[/caption] Here is a shot that I took last July while hiking in the Mt. St. Helens National Volcanic Monument. I had visited the Park from the east, which is a long drive that takes you through Cougar and then north up the 131. The drive from Portland is very long and twisty but you are more likely to see herds of elk than people. This was my first trip along the east part of the mountain and I have to say that its one of the most scenic and peaceful parts of the wilderness. The Park reminded me of a National Park but minus the thousands of visitors and campsites. You can make it a day trip from Portland, during the longer days of summer, but I highly recommend you leave before sunrise and pack a lot of food since there are no places to eat. I took this shot with my Canon EOS T1i and my Tokina 12-24 wide angle lens. I was using my UV, warming and CIR-PL filter to bring out the colors and tame to intensity of the glaring sun. I took this shot looking south at about 6:35pm and the sun was just to the right. I had to set my ISO to 100 and the white balance to -2 due to the glare. The focal length was at 15mm and the shutter speed was 1/100 second. I was standing directly in the path of the explosion that destroyed all of the timber in its path. There were several pumice fields directly below where I was standing and you can see that some of the vegetation was just beginning to come back. I was amazed at the amount of pumice that littered the entire north side of the park. It was like walking through time and you could physically see the destruction from the wrath of the volcano. You can hike to Spirit lake and view the thousands of trees littering the lake and photograph dozens of species of wild flowers that grow among the pumice fields. I highly recommend visiting the park from the north east side. There are dozens of trails to hike and the park is very well kept and there are numerous areas to picnic. You are also guaranteed to see some wildlife. I startled a herd of elk while hiking on one of the trails and watched as they scurried up the mountain. This was truly an epic day.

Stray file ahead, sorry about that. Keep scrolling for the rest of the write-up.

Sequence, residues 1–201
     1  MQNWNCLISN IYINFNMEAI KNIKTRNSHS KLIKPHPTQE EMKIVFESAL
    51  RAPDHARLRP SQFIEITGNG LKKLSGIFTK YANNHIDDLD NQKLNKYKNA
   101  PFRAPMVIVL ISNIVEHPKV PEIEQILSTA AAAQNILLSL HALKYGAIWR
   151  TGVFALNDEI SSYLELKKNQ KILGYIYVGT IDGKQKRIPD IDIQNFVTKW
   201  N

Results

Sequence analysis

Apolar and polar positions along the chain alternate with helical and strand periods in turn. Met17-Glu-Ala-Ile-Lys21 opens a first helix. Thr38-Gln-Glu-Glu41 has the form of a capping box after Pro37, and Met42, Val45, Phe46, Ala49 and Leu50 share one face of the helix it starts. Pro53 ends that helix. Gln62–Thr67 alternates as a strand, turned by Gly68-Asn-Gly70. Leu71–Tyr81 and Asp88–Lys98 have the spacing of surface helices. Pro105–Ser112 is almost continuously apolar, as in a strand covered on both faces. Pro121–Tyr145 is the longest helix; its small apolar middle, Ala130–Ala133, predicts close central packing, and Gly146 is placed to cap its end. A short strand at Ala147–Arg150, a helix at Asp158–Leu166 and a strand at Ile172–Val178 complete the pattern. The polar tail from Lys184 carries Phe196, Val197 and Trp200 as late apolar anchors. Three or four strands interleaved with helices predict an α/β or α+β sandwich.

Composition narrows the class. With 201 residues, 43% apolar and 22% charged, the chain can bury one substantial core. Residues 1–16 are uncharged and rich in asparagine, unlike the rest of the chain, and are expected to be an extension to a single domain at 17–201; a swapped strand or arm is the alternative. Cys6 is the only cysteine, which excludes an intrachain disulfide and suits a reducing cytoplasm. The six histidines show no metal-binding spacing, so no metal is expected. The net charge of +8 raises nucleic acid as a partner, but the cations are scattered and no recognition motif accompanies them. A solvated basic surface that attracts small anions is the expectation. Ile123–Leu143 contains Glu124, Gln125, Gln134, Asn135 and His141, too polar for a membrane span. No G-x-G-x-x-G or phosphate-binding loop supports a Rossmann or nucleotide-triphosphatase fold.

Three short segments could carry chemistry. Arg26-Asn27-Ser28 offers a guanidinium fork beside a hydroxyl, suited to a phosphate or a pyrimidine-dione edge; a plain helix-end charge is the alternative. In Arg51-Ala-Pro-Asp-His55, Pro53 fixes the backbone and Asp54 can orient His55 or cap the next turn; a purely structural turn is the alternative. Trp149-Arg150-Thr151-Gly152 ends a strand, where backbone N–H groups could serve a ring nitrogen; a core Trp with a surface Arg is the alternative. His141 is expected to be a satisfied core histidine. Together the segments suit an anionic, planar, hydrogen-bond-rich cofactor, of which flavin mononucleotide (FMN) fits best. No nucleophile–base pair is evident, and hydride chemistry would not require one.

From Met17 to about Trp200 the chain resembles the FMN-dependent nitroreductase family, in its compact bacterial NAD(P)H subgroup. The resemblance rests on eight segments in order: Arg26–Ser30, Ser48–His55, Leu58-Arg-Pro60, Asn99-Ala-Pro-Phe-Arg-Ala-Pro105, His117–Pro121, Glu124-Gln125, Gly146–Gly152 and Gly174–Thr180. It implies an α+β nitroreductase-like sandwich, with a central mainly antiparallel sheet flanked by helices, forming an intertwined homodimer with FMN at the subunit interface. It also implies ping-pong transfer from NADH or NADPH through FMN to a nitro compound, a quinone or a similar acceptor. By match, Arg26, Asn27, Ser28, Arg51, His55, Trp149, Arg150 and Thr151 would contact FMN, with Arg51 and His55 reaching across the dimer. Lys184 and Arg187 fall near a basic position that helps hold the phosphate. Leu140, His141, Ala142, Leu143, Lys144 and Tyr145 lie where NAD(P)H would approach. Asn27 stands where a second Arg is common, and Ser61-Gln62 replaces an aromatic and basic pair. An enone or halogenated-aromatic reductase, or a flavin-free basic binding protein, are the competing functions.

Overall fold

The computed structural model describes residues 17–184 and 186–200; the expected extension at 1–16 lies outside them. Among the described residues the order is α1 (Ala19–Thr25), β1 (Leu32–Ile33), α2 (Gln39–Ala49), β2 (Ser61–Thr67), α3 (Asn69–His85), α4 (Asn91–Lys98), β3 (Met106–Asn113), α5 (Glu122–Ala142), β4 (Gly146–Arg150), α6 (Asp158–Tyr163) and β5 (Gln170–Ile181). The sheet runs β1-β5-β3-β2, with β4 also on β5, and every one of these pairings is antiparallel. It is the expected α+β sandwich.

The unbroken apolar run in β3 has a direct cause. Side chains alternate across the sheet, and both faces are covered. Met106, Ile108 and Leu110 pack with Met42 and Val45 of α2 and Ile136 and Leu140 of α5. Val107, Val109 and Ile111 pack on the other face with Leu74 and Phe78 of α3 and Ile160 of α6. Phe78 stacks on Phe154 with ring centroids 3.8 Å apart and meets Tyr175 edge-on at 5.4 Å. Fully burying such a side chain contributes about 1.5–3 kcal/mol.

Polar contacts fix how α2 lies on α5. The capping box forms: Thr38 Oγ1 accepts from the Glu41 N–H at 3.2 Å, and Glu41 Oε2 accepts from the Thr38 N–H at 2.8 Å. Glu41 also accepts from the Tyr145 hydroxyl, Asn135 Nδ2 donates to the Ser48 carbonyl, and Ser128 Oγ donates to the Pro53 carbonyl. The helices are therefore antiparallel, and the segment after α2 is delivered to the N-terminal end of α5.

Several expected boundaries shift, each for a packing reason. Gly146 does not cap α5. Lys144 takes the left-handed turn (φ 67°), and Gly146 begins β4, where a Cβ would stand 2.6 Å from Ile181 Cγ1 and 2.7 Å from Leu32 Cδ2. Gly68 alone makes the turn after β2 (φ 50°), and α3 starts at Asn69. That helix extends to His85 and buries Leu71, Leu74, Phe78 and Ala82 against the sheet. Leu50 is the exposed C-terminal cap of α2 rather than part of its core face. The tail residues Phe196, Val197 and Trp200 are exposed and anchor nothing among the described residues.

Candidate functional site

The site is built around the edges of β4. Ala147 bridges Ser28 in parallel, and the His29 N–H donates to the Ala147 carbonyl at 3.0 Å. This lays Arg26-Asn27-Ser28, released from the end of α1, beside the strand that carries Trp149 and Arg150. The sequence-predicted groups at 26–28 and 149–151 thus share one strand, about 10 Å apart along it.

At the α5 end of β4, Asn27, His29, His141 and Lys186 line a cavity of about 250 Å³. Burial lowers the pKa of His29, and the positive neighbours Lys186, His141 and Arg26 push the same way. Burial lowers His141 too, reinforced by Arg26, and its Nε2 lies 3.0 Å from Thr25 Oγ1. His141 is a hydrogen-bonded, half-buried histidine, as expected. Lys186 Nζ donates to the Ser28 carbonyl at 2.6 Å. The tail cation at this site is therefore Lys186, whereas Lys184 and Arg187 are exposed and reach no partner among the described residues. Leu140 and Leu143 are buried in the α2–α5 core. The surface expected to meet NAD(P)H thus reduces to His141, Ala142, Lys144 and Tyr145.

[/caption] The trail that follows along Herman Creek that cuts through the cliff walls along the Columbia River Gorge displays some of the most awesome scenic views in the Gorge. There are also several additional trails that you can choose from that offer difficult hikes. The Gorton Creek trail will take you directly over the Gorge 2700 feet above the Columbia River or you can also hook up with the Pacific Crest Trail within just a few miles on a different trail. However, the Herman Creek trail is my favorite since you follow through the steep walls of the Gorge and takes you along many viewing areas of the forest along with spectacular views of the creek. During spring and early summer you can photograph some of the most beautiful flowers that dot the trail. I took this shot on 6/3/10 at 10:48am during a fairly overcast day and when the water levels were extremely high. I was standing on a bridge that is just just .4 miles off the main Herman Creek trail. I like this shot because I am standing directly over the creek which allows me to encompass the water and the vegetation that looks as though the river is bubbling right out of the forest. I was using my Canon EOS Rebel T1i along with my Canon 18-55mm kit lens. Since I wanted to get the flowing motion of the river along with a long shutter speed I had to use my ND8 filter along with my UV and warming filter. Normally I only use my ND4 but the glare was still pretty intense due to the amount of water and the fact that it was traveling at such a high speed. A slower moving river or waterfall is much easier to photograph than one that is moving much faster. In fact, I was only able to set the shutter speed to 4 seconds. I had the camera mode set at shutter priority and the aperture was at F22. The F stop was at F22 since I had the ND8 filter on the lens which only allowed a small amount of light through the lens. I also set the ISO at 100 and the white balance at -1.3 due to the glare of the water. Taking photographs of fast moving rivers and waterfalls really requires you to master the art of utilizing and understanding light and your subject. I can spend hours changing my filters and settings in order to take the perfect shot. However, I am rarely disappointed when visiting the Columbia River Gorge. The photo opportunities are endless. I normally avoid the Gorge when the water levels are low and if the vegetation is still sparse or too dry due to the time of year. Late summer and winter isn’t the best time to get the best shots.